Study Designed to Determine Statin Effects on Regression of Atherosclerosis
CLEVELAND, Jan. 15 /PRNewswire/ -- Cleveland Clinic researchers will coordinate the first head-to-head comparison of the two most powerful statin medications. The trial intends to begin enrollment as early as next week. Statins are the world's most commonly prescribed drugs and widely used to treat patients with elevated cholesterol levels.
The two drugs, atorvastatin (Lipitor) and rosuvastatin (Crestor), lower LDL ("bad") cholesterol and raise HDL ("good") cholesterol. But which drug is best for patients with heart disease? This study will seek to answer this important scientific question by measuring the rate of regression of coronary disease using intravascular ultrasound (IVUS), a technique that directly measures the amount of plaque in the coronary arteries.
The SATURN study (Study of Coronary Atheroma by InTravascular Ultrasound: Effect of Rosuvastatin Versus AtorvastatiN) will compare the ability of these two statins to stop the progression of atherosclerosis, the main cause of cardiovascular disease, over a two year treatment period.
SATURN, a multicenter, double-blind Phase IIIb trial, will use IVUS imaging to study approximately 1,300 patients at 150 hospitals in 20 countries worldwide. The trial is expected to be completed in 2011. Cleveland Clinic cardiologist Stephen J. Nicholls, M.D., PhD., will lead the trial.
Cleveland Clinic researchers have conducted two previous studies with IVUS looking at statins and the rate of atherosclerosis regression. Researchers have found a significant benefit with statins by intensively lowering LDL- cholesterol and the inflammatory marker C-reactive protein (CRP) and by raising levels of HDL cholesterol. SATURN aims to determine if differences in the ability of the different statins to lower LDL and raise HDL can promote regression (reduction in the amount of plaque in the coronary arteries).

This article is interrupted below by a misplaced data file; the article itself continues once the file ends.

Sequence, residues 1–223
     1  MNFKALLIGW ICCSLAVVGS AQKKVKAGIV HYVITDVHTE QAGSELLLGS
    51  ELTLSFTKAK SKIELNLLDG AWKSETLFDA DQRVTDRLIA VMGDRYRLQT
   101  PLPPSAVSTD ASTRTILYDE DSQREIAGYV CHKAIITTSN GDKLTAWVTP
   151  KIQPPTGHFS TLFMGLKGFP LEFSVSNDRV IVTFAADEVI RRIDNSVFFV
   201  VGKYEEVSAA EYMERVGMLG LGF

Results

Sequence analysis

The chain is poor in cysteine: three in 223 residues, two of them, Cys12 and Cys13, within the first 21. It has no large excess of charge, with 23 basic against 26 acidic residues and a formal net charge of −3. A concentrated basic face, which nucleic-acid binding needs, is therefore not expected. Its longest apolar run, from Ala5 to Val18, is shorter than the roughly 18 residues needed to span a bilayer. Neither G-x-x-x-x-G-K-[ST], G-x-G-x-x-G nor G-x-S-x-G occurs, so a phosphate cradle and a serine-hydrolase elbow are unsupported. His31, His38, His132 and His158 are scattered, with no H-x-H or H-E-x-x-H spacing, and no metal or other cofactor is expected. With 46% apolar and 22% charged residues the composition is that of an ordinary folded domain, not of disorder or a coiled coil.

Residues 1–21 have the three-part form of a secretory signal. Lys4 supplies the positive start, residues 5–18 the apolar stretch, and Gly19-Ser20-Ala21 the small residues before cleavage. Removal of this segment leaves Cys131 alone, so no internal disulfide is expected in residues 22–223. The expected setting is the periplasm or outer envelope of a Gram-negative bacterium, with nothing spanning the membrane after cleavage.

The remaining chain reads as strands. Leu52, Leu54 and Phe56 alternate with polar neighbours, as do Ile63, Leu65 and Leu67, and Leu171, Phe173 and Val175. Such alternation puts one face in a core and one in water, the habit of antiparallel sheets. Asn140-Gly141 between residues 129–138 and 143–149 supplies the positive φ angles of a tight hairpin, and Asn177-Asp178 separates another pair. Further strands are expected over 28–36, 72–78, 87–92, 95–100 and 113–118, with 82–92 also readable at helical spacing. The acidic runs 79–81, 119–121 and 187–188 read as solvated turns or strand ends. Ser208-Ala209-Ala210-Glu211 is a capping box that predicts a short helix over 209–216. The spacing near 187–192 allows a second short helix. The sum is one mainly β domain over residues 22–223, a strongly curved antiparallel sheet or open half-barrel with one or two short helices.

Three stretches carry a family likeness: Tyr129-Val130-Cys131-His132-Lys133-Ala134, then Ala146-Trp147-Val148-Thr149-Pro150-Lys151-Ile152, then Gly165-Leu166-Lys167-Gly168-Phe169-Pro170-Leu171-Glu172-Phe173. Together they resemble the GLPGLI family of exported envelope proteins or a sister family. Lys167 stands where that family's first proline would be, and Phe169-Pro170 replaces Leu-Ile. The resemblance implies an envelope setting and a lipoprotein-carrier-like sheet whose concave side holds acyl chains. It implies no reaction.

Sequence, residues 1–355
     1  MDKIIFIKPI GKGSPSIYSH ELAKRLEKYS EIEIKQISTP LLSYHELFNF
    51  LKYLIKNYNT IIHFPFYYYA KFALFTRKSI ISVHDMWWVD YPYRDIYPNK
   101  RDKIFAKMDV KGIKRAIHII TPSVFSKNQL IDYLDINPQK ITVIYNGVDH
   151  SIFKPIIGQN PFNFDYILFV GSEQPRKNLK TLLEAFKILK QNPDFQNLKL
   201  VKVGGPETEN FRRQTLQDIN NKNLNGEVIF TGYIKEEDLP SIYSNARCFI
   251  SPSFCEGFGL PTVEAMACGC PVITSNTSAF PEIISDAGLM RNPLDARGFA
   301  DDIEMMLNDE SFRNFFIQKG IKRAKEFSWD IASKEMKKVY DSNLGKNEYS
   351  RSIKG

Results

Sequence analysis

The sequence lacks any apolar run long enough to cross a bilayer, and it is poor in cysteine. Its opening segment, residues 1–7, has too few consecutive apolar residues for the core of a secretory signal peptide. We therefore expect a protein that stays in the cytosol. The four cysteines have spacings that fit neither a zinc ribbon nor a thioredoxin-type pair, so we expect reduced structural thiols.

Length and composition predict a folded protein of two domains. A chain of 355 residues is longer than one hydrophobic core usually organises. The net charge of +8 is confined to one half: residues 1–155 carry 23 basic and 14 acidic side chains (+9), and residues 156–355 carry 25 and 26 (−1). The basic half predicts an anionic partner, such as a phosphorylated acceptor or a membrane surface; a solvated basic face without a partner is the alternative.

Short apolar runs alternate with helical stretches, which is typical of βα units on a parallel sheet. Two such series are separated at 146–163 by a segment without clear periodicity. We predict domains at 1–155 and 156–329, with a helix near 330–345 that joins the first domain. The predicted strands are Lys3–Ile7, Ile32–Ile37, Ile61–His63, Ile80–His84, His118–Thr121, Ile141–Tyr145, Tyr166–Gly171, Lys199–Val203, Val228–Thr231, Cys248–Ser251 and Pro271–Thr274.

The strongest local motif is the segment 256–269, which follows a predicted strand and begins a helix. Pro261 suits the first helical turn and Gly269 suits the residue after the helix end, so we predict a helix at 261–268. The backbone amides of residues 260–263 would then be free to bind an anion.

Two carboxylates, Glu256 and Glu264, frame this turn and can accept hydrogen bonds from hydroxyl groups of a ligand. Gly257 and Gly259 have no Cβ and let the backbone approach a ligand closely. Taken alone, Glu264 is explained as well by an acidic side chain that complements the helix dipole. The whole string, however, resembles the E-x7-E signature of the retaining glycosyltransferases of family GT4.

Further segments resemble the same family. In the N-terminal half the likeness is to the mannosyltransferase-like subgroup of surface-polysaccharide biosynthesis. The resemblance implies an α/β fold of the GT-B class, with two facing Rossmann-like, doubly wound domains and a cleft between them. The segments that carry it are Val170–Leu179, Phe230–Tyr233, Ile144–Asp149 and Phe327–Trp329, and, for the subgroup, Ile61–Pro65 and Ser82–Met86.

About Cleveland Clinic
Cleveland Clinic, located in Cleveland, Ohio, is a not-for-profit multispecialty academic medical center that integrates clinical and hospital care with research and education. Cleveland Clinic was founded in 1921 by four renowned physicians with a vision of providing outstanding patient care based upon the principles of cooperation, compassion and innovation. U.S. News & World Report consistently names Cleveland Clinic as one of the nation's best hospitals in its annual "America's Best Hospitals" survey. Approximately 1,800 full-time salaried physicians and researchers at Cleveland Clinic and Cleveland Clinic Florida represent more than 100 medical specialties and subspecialties. In 2006, there were 3.1 million outpatient visits to Cleveland Clinic. Patients came for treatment from every state and from more than 80 countries. There were more than 53,000 hospital admissions to Cleveland Clinic in 2006. Cleveland Clinic's Web site address is http://www.clevelandclinic.org .
|SOURCE Cleveland Clinic|
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